Mar­kets, GBP and Gold ex­posed to fur­ther pres­sures

Financial Mirror (Cyprus) - - FRONT PAGE -

Anx­i­ety con­tin­ues to rip­ple through the fi­nan­cial mar­kets as global de­vel­op­ments con­cern­ing the lack of clar­ity on the tim­ing of a US in­ter­est rate hike, anx­i­eties over China en­ter­ing a deep eco­nomic down­turn, emerg­ing mar­ket weak­ness and con­tin­ual growth con­cerns in Europe, Ja­pan and Asia are all weigh­ing on global sen­ti­ment.

A risk-off trad­ing en­vi­ron­ment which has been the prod­uct of mar­ket in­sta­bil­ity con­tin­ues to pun­ish the value of Ster­ling which could still be ex­posed to fur­ther pres­sures against its trad­ing part­ners. There has also been neg­a­tive PMI data from the UK this month, and these fac­tors are push­ing back UK in­ter­est rate ex­pec­ta­tions with this also con­tribut­ing to GBP pres­sure. The GBPUSD has traded to four and a half month lows and re­mains tech­ni­cally bear­ish. With prices cur­rently re­sid­ing be­low the daily 200 and 20 daily SMA, a breach be­low the 1.5150 sup­port may open a path to the next rel­e­vant sup­port at 1.5000.

In the com­mod­ity di­vi­sion, Gold has ex­pe­ri­enced a sharp change of di­rec­tion and fallen to the down­side as a re­sult of pos­i­tive com­ments from Fed mem­bers that US in­ter­est rates can still be raised in 2015. The pre­cious me­tal which hit a one-month high last week, has given back those gains and more with prices trad­ing around the 1124.0 level. With mar­ket in­sta­bil­ity and in­vestor anx­i­ety cre­at­ing er­ratic moves within Gold, more di­rec­tion for the me­tal may be pro­vided once mar­ket par­tic­i­pants di­gest the key data re­leases re­gard­ing the de­vel­op­ments in Asia, Europe and the Amer­ica.

Some sta­bil­ity can be seen within WTI with sup­port at $44.00 hold­ing since the start of Septem­ber. A re­cent drop in US oil in­ven­to­ries inspired some bullish mo­men­tum on the bench­mark crude, but prices have still de­clined to the grav­i­ta­tional $44.00 area. The next ma­jor cat­a­lyst which may pro­mote a fur­ther de­cline in WTI might be soft eco­nomic data from China sig­nal­ing a de­cline in de­mand. Tech­ni­cally, WTI re­mains bear­ish with the next rel­e­vant sup­port based at $42.00.

Eq­ui­ties as a whole have taken a hit as a re­sult of the weak­ened global sen­ti­ment. In Europe, the FTSE100 has re­ally caught my at­ten­tion. Min­ing stocks have plum­meted fol­low­ing another weak PMI from China last week, which has re­sulted in the FTSE100 en­coun­ter­ing an ag­gres­sive sell-off. Prices have breached the psy­cho­log­i­cal 6000 sup­port with this in­dex re­main­ing tech­ni­cally bear­ish. Any ad­di­tional pres­sures re­ceived from weak China data this week or even selling in the com­mod­ity mar­kets as a whole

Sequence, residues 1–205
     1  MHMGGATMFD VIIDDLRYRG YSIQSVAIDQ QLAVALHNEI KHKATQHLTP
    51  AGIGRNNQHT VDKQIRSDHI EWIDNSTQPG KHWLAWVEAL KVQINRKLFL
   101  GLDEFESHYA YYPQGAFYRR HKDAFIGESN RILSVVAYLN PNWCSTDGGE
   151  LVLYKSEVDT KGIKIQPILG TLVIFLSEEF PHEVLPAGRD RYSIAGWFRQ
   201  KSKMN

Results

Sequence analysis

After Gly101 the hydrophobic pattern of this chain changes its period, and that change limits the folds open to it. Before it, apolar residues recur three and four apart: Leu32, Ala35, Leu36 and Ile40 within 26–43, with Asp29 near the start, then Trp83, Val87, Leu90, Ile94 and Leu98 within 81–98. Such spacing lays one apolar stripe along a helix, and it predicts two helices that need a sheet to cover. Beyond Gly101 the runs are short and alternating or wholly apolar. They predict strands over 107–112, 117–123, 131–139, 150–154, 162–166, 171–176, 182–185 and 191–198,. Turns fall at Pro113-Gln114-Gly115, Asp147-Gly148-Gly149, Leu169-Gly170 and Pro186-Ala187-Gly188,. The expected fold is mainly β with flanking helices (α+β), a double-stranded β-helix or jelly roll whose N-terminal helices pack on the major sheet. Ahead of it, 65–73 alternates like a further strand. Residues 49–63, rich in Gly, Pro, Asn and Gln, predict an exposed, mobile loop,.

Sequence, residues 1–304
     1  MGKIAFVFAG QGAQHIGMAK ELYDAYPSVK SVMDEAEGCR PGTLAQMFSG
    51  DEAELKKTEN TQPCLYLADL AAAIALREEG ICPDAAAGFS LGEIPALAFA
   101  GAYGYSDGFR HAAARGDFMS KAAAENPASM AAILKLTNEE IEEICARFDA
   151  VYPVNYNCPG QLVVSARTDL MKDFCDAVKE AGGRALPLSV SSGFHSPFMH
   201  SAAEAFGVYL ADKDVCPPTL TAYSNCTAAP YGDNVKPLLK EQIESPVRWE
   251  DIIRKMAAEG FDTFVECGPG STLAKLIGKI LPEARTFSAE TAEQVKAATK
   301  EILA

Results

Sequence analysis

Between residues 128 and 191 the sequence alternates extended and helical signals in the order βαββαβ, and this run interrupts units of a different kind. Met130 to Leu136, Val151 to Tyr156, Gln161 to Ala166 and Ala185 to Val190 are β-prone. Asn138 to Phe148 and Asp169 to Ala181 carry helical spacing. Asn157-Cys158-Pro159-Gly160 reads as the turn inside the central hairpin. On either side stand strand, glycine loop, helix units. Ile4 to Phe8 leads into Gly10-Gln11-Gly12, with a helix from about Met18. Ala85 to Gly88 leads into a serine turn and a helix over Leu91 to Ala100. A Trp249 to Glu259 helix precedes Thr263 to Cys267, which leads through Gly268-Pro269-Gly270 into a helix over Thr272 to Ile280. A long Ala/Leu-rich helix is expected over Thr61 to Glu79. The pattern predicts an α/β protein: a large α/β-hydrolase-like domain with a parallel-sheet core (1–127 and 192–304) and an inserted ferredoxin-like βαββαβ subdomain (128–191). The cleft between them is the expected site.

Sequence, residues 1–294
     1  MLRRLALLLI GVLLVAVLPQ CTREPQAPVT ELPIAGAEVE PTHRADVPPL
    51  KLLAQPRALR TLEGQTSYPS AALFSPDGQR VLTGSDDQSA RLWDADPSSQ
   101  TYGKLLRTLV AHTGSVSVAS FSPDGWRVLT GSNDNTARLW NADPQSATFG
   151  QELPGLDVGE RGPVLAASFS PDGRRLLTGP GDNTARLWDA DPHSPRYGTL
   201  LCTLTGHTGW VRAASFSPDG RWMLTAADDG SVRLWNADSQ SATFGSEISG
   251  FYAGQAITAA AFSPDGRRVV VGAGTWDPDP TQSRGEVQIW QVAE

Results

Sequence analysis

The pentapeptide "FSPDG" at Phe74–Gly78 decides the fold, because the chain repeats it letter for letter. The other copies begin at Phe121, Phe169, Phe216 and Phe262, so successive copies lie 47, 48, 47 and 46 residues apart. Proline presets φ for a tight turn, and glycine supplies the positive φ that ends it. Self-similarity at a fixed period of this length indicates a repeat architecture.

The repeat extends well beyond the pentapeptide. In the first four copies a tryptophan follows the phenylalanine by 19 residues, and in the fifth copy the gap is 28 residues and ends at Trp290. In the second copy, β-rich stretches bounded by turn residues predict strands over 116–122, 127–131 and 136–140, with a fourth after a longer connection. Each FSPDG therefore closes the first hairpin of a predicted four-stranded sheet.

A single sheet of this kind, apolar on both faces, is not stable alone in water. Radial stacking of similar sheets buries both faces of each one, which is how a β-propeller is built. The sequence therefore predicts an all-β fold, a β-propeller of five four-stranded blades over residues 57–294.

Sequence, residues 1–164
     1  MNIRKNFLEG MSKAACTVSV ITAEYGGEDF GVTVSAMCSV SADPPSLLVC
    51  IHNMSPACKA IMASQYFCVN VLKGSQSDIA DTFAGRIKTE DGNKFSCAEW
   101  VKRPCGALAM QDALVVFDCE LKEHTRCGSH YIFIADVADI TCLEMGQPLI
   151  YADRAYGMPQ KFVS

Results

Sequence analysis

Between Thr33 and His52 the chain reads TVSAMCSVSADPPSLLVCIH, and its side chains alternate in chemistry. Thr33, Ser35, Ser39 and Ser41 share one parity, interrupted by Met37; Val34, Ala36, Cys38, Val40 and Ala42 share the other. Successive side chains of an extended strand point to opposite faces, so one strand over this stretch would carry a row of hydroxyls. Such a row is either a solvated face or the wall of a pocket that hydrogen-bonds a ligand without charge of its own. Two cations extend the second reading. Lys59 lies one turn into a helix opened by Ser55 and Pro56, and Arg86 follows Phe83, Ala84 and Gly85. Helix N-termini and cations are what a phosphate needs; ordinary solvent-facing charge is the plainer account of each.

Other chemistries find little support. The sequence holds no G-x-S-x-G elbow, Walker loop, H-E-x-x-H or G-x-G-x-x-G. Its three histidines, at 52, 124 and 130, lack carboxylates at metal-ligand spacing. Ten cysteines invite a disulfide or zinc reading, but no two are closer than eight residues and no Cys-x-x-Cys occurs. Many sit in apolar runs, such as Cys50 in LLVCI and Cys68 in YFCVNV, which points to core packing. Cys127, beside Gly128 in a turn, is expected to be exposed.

GBPJPY:

may re­sult in a fur­ther de­cline to the next rel­e­vant sup­port at 5850 on the FTSE100.

EURJPY:

The EURJPY re­mains tech­ni­cal bear­ish as long as prices can keep be­low the 135.50 re­sis­tance. Prices are trad­ing be­low the daily 20 SMA and the MACD has crossed to the down­side. The next rel­e­vant sup­port is based at 133.00.

GBPCHF:

The GBPCHF is tech­ni­cally bear­ish. Prices are trad­ing be­low the daily 20 SMA and the MACD has crossed to the down­side. As long as prices can keep be­low the 1.5000 re­sis­tance, there may be a de­cline to the next rel­e­vant sup­port at 1.4650.

CADJPY: The CADJPY ex­pe­ri­enced a break be­low the 89.50 sup­port. As long as prices can keep be­low the 93.00 re­sis­tance, there may be a de­cline to the next rel­e­vant sup­port at 88.00.

The GBJPY re­mains bear­ish as long as the 184.50 re­sis­tance holds. Lag­ging in­di­ca­tors such as the MACD point to the down­side and the can­dle­sticks re­side be­low the daily 20 SMA. The next rel­e­vant sup­port is based at 180.50.

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